Tony Horowitz (Confederates in the Attic) has an article on “150 Years of Misunderstanding the Civil War.” A better title would be “150 Years of Changing Interpretations of the Civil War.” Historians, as Lord Acton observed, are merely politicians looking backwards, and they have their own prejudices and points of view. As he notes most of the crop of senior historians were heavily influenced by the Black Civil Rights Movement of the 60s. The new crop is heavily influenced by academic ideas of postmodernism and muticulturalism. Quite often histories tell you more about the people who wrote them than what they’re ostensibly describing.
Still, a question worth asking is: why was the United States, with a political system famous for compromise, the only nation to actually go to war over abolition?
You can’t keep a good submarine down. Confederate submarine H. L. Hunley recently surfaced in New York and caused a major flap.
Was Abe Lincoln a math whiz? Honest Abe and his supporters made much of his homespun roots, but it looks like he had better schooling than he let on.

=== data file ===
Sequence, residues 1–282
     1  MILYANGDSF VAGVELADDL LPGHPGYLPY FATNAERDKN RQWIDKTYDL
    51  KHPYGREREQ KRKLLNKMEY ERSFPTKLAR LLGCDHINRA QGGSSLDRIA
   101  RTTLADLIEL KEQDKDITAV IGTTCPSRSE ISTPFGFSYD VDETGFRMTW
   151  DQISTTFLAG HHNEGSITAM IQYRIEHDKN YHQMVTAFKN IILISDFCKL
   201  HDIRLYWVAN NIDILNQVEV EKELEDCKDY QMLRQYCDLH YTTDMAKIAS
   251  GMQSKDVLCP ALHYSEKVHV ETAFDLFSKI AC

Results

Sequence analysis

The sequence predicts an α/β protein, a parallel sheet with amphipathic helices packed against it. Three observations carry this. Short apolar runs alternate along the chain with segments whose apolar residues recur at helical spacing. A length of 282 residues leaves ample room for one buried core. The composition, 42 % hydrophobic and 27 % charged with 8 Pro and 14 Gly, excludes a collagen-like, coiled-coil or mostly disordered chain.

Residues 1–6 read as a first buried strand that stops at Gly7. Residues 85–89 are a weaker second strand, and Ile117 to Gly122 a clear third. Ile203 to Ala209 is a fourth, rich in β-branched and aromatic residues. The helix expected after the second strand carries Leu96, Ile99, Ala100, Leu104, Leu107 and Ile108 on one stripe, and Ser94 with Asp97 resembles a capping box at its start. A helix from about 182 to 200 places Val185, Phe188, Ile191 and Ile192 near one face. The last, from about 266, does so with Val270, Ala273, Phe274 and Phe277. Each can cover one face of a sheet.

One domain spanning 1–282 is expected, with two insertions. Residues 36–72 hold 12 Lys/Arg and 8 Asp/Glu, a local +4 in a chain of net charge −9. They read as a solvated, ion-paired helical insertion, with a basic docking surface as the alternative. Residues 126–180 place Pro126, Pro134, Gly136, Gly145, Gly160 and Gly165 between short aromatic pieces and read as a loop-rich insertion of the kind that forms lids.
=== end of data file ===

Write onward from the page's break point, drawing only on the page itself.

Slate magazine looks at Lew Wallace, “the scapegoat of Shiloh.” Some good details about the writing of his magnum opus, Ben-Hur, and quite a lot about his attempt to restore his name after the war for his role at Shiloh. A bit light on his role at Monocacy, which was his finest hour.
And in secession news, seen Colorado counties are considering seceding from the state. Good luck—the last successful secession was that of West Virginia in 1863.
And finally, a lost Lincoln document surfaces at Lycoming College in Williamsport, PA.
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